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Numéro de publicationUS5256496 A
Type de publicationOctroi
Numéro de demandeUS 07/792,606
Date de publication26 oct. 1993
Date de dépôt15 nov. 1991
Date de priorité15 nov. 1991
État de paiement des fraisCaduc
Numéro de publication07792606, 792606, US 5256496 A, US 5256496A, US-A-5256496, US5256496 A, US5256496A
InventeursMathew L. Kluczynski
Cessionnaire d'origineKluczynski Mathew L
Exporter la citationBiBTeX, EndNote, RefMan
Liens externes: USPTO, Cession USPTO, Espacenet
Titanium-steel laminate knife
US 5256496 A
A titanium-high carbon steel laminate composed of two outer layers of titanium with the steel in the middle. The steel being heat-treatable to very high hardness and the outer titanium layers providing strength and corrosion resistance. The laminate is bonded together by a brazing process. The brazing or filler material may be of various compositions. This laminate is invented for the purpose of knife and similar cutting tool manufacture.
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I claim:
1. A knife made from a laminate consisting of two outside layers of pure titanium metal and one hardened, inner layer of steel having a hardness of 56 R/C minimum on the Rockwell hardness scale and wherein said inner layer forms the cutting edge.

In the production of knives and other cutting tools it has always been a challenge to produce a blade which would be extremely hard and at the same time tough with good elongation properties.

The hardness is, of course, required or is desirable to maintain a sharp cutting edge with prolonged usage. Many steels are available which can be heat-treated to very high hardness; however as soon as the maximum hardness is obtained the material becomes brittle. The cutting edge can easily chip or the blade can break. This invention covers a process(s) and material selection which eliminates this problem.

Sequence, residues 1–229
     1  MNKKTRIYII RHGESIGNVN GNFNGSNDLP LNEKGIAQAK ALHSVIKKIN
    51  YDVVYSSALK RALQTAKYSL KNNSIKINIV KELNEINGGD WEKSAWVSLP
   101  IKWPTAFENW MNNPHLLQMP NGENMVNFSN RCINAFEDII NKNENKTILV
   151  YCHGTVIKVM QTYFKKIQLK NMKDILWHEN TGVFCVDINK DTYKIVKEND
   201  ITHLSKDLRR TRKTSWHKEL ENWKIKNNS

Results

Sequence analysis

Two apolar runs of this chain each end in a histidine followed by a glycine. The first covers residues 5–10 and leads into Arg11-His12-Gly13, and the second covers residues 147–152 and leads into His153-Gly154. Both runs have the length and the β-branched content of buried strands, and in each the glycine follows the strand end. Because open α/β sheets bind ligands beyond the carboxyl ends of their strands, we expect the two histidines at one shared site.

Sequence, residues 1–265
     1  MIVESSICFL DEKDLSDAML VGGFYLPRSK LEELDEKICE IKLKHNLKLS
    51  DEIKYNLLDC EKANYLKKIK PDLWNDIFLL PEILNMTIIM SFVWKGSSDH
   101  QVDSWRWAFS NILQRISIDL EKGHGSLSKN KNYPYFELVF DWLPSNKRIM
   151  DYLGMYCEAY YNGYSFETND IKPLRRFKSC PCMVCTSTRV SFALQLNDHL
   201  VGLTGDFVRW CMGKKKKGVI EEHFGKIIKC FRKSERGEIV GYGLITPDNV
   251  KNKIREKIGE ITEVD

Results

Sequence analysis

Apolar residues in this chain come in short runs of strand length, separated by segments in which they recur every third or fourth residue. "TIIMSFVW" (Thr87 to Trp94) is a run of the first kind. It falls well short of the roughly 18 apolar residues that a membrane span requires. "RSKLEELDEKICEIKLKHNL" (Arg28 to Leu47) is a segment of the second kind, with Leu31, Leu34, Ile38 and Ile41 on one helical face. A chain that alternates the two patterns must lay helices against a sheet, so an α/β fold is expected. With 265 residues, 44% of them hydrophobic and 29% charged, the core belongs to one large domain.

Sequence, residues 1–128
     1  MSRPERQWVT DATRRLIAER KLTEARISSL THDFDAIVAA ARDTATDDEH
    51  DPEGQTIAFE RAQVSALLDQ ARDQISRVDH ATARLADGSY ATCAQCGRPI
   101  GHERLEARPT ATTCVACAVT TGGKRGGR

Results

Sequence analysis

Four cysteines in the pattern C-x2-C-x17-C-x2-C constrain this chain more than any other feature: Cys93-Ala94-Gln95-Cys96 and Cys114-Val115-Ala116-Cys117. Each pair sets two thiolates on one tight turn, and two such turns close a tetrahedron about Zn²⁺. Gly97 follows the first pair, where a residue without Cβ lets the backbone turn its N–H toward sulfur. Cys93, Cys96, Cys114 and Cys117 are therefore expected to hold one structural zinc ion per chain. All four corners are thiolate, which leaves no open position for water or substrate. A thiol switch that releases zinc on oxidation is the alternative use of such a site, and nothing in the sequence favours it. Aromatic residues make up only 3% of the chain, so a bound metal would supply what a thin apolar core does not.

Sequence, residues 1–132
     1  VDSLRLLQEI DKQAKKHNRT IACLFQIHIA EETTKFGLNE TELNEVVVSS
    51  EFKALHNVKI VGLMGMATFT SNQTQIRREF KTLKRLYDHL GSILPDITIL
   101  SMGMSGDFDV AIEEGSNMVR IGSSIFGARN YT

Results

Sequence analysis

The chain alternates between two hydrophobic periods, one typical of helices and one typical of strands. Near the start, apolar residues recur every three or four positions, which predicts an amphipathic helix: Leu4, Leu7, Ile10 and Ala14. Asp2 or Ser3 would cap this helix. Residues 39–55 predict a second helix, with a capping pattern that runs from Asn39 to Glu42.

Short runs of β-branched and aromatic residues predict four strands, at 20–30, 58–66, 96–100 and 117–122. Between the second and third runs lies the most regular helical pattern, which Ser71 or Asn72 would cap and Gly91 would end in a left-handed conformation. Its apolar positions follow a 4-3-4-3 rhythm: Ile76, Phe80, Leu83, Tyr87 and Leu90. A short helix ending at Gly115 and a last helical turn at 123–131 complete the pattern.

Many attempts were made to laminate, by brazing, low carbon stainless steels with heat-treatable materials. It is a known fact that steels which can be heat-treated to high hardness are alloys with high carbon content (approximately 1.0 %). During the high temperature brazing cycle the low carbon stainless absorbs the carbon from the high carbon steel.

This is defined as molecular carbon migration. With the carbon removed from the steel it can no longer be hardened and the laminate becomes useless.

The titanium to steel laminate does not have this problem since titanium does not readily absorb carbon. Therefore the inner steel layer can be heat-treated to any desired or max hardness and obviously the titanium provides the outer strength, corrosion resistance and excellent appearance.


The use of extremely tough space age material such as titanium to provide the stiffness and strength of a blade is advancing the state-of-the-art. This combined with the hardness of conventional steels which could not be effectively used alone produces a superior cutting element beneficial for many purposes.


FIG. 1 is a cross-section of a laminated blade assembly. With the cutting edge exposed by grinding or machining, the size is arbitrary and can be scaled up and down to suit any particular size and shape of a knife or other cutting tool.


As shown on the drawing (FIG. 1) for the purpose of illustration the invention is a laminated cutting blade.